http://www.perlmonks.org?node_id=585945

I noticed that Damian recently posted a draft of Synopsis 26 (Perl6 Pod) to perl.perl6.language. It looks like a great deal of effort has been put into making POD into a more general and complete doc format. But I'm left wondering, is a very large wheel being reinvented here?

It looks as if there are already numerous doc formatting markups available that could fairly easily be used in place of POD if a more complete doc format is wanted. The one that immediately jumps out at me is Texinfo.

I won't enumerate every feature of Texinfo here, but suffice it to say that it seems to have most every feature you'd want for this sort of job (generates multiple output formats, is indexable, searchable, and so on). Furthermore, it would be trivial to incorporate it into perl code. For example, maybe have "POTD" ("Plain Old Texinfo Docs") start with '#@' instead of '#'. For example:

#!/usr/bin/perl use strict; use warnings; #@ @node A few good subs #@ @chapter A few good subs #@ #@ This is a line of POTD. This module contains #@ some functions and might be used as follows: #@ @verbatim #@ do_something(); # Magic happens here! #@ @end verbatim #@ # ------------------ # Subroutines # ------------------ #@ @node do_something #@ @section do_something #@ #@ You'd use this @emph{awesome} function for: #@ #@ @itemize #@ @item #@ When you want to do foo. #@ #@ @item #@ When you want to do bar, since foo obviously #@ isn't cutting it. #@ @end itemize sub do_something { print "Magic goes here.\n"; } print "hi.\n"; do_something; print "bye!\n";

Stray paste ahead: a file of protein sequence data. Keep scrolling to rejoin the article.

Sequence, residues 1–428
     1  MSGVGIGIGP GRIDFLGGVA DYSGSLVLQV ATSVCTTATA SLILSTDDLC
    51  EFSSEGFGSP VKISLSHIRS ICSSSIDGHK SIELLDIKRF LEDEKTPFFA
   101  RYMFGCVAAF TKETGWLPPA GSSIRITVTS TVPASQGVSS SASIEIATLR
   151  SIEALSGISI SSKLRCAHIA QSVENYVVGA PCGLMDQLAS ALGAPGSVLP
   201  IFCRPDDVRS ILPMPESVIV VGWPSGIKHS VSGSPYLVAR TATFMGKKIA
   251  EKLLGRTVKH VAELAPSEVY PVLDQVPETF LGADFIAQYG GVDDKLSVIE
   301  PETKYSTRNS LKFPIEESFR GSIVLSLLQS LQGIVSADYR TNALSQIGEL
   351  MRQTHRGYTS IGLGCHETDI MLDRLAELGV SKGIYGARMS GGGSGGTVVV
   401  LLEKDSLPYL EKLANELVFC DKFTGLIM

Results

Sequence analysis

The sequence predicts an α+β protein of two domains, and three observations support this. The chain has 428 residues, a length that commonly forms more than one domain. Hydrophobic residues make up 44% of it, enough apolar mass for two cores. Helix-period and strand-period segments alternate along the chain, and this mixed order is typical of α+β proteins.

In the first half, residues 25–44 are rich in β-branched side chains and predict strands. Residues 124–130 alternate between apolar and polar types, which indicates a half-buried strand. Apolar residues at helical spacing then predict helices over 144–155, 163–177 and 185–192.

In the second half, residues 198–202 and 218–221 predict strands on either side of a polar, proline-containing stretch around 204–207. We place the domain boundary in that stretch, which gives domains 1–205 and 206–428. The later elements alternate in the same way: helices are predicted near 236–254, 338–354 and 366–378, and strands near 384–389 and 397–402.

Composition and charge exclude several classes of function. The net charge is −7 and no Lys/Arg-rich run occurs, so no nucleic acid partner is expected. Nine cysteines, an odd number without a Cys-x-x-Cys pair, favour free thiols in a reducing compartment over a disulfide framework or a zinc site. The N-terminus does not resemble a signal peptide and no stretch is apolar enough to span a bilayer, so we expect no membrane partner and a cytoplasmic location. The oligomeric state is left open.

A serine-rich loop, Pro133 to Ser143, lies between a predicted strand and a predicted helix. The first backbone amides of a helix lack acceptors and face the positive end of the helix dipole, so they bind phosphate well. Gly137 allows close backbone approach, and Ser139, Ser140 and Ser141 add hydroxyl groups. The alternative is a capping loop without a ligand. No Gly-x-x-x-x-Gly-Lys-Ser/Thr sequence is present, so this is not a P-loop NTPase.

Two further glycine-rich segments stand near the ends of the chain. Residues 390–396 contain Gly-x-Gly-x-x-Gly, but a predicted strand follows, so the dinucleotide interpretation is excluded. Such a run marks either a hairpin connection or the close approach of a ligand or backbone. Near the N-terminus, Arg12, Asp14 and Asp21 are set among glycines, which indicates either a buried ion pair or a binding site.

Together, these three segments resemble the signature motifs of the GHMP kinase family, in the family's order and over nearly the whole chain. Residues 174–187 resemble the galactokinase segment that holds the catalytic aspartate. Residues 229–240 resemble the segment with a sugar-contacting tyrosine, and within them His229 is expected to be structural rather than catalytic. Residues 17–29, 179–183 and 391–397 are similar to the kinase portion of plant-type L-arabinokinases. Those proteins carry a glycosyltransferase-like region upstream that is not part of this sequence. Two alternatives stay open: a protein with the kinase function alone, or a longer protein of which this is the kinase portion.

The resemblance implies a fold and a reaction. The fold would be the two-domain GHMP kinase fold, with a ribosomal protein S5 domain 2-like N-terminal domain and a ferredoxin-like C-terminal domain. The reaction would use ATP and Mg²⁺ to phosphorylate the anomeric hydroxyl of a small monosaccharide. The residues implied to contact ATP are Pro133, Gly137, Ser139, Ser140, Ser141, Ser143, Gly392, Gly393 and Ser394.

Then a "potd2whatever.pl" tool could simply start off as something like:

#!/usr/bin/perl use warnings; use strict; my @lines = (); while ( <> ) { if (/^#@/) { s/^#@[ \t]*//; push @lines, $_; } } my $lines = join '', @lines; # Now pipe $lines through any one of: # - texi2dvi # - texi2pdf # - makeinfo

Some more observations:

  • The Texinfo licensing is compatible with Perl.
  • Texinfo is a very mature and stable tool (and also happens to be the standard and official GNU tool for the job).
  • Texinfo -- like Perl itself -- comes with (or at least is available for) every flavor of GNU/Linux that I've come across.
  • It's fairly pleasant to type.
  • You can even put mathematics into texi docs, which I think is a big plus.

Seems like the Perl + Texinfo would go together like peanut butter and jelly. So, why is this particular wheel being reinvented?

(Edit: Fixed the above code to remove the '#@' from the beginning of each line.)

(Edit: Corrected spelling of "Damian".)